For the 2000 the DRAM is 262144 memory locations and max delay is 2 seconds, so I want data to be going in and out of memory at around 262144/2 times per second or 131072 Hz when the delay pot is all the way up. This can be measured from the DRAM Write Enable pin, and probably from the Data in and Data out pins as well. Most of the tweaking is done on the lower global clock frequency trim, usually after making sure the delay pot is working throughout it's whole range. Sometimes I had to iterate and go back and forth between the two sets of pots. Adjustment on trimpots is fairly coarse, so this can't be dialled with really great precision but I find it much easier than trying to listen to the delay and sync to a stopwatch or something similar.

Modding for more delay time

There are online discussions about modifying these pedals for longer delay times that usually involve tweaking the delay pots away from nominal positions to get longer delays. I think this will only work well for very lo-fi sounds, as the sample rate will get much lower and aliasing effects will get worse.

The delay loop in the PDS series is basically some 4040 ripple counters counting through memory addresses and resetting when the end of memory is reached. A better approach to extending delay time is replacing DRAM with a larger IC (or multiple ICs) and adjusting the counter reset logic to address the larger memory. I have some spare DRAM for both of these pedals so I would like to try this.

I haven't seen a schematic for the PDS 8000 (8 second delay). I would like to see how this was implemented, as it should have 4x the memory of the PDS 2000. Extending the 2000 to 8 seconds may be possible depending on how extensive the differences are.

The best picture I can find online shows a single 18 pin (not 16 pin) IC, but the label isn't legible. Presumably it's a 1Mbit x 1 DRAM.

Please let me know if you have a PDS 8000 schematic or high-resolution board shots.

There is a PDS 20/20 delay schematic available (http://www.experimentalistsanonymous.com/diy/Schematics/Delay%20Echo%20and%20Samplers/Digitech%20PDS2020.pdf) which uses 2 4464 DRAMs, which is twice the memory of the PDS 2000 but still only does a 2 second delay. America's Pedal has a catalog for the PDS series which explains why - the 20/20 has a delay signal bandwidth of 16 kHz, the rest of the series only has 7 kHz except for the PDS 1700. I am guessing the higher sample rate is for the chorus/flanger modes where really short delays are needed.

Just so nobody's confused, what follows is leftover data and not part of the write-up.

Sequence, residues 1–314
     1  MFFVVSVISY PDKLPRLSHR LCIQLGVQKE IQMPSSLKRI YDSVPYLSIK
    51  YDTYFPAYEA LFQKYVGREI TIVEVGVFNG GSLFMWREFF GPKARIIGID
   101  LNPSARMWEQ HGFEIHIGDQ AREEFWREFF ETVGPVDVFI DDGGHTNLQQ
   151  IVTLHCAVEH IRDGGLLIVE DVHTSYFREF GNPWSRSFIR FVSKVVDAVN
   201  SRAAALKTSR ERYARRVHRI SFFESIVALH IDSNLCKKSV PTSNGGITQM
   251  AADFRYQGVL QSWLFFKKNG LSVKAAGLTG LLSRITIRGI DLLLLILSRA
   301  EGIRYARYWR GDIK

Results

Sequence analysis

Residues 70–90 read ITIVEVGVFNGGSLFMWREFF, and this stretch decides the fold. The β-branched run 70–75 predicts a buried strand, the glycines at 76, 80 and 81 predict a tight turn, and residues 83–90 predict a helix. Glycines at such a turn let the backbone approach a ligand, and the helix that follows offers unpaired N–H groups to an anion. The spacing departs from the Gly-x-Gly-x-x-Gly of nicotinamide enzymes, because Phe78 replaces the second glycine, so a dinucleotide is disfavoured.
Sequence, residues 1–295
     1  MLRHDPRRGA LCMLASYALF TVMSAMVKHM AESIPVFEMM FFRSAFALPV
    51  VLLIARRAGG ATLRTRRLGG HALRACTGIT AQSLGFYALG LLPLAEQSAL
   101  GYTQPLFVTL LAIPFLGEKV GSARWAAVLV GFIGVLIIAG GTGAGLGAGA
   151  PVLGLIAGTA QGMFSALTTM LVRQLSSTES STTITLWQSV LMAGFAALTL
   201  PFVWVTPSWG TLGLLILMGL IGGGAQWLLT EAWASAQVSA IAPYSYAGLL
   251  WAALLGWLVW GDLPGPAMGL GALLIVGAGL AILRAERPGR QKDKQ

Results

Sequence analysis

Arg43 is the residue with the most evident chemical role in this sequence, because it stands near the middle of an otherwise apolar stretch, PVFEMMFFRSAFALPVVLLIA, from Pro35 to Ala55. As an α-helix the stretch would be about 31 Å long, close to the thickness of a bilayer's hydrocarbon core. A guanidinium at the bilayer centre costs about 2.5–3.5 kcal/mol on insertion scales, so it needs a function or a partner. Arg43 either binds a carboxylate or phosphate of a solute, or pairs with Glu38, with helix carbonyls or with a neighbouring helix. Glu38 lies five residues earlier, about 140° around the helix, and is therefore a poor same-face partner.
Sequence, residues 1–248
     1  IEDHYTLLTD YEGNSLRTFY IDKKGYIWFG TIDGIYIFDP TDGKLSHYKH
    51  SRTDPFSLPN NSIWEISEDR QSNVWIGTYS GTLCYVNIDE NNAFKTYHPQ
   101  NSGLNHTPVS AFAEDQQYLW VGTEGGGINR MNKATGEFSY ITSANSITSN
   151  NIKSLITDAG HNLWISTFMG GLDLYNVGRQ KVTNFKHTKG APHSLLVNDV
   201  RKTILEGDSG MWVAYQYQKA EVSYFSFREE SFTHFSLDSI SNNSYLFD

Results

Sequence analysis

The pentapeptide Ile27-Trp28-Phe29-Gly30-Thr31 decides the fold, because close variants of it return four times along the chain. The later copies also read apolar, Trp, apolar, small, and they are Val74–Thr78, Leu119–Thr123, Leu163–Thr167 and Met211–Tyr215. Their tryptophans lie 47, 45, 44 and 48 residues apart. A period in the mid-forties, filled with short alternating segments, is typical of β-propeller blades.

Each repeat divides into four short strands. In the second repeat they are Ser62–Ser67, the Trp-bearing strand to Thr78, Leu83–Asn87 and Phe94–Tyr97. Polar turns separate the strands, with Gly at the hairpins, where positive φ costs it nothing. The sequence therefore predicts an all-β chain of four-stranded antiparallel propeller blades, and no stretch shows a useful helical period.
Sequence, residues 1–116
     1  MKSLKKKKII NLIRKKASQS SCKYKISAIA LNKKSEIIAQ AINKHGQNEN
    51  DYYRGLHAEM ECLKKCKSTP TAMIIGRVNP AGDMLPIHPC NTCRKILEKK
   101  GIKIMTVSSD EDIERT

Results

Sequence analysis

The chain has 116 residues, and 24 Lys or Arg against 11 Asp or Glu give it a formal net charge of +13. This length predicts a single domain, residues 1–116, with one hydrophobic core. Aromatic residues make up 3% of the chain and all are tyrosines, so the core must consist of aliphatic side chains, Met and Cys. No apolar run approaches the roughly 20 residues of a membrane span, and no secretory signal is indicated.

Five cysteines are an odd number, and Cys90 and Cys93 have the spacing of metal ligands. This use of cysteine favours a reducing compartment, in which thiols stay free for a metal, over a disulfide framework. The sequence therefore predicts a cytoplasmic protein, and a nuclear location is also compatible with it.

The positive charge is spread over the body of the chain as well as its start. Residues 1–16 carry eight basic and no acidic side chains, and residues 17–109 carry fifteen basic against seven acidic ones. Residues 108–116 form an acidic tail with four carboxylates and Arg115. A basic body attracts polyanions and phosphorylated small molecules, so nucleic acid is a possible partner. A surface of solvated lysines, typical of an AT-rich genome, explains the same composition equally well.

Footswitches

Dod used a fairly cheap mechanical design for actuating footswitch buttons on a small PCB. The plastic foot panels are cantilevered and are returned to their neutral position by a spring at the "fixed" end, not the free end which would make more sense. There is also no real end-stop to limit the force on the footswitch - if you stomp hard you will crush the button. This is problematic as most players will stomp harder if the switch doesn't work, so once they start to fail they deteriorate quickly.




There is advice online on adjusting spring tension to get a pedal to switch more reliably. Don't bother. If a DOD pedal does not switch every time, just replace the 10mm button on the PCB. They are very cheap and should last another decade of use. Play with the mounting hardware only if the levers aren't rotating correctly.

6 comments:

  1. Please send me your email to maneco gmail dot com and i can send you the pds 8000 schematic

    ReplyDelete
    Replies
    1. Fantastic, thank you. My email is falseelectronics@gmail.com

      Delete
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  3. Hey i got sone issues with my pds 1002. Ja zehre a Chance that i could send oh to you for repair? Or do you have an idea where i could Let oh repair?
    Thanks

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  4. Hi, This 2 second delay is a ton of fun! Unfortunately my "Mix" Pot snapped off a couple a months ago and I lost it. Do you know where I can reorder it and which exactly to get? I am pretty noob at this but I know I can resolder it... Thanks!

    ReplyDelete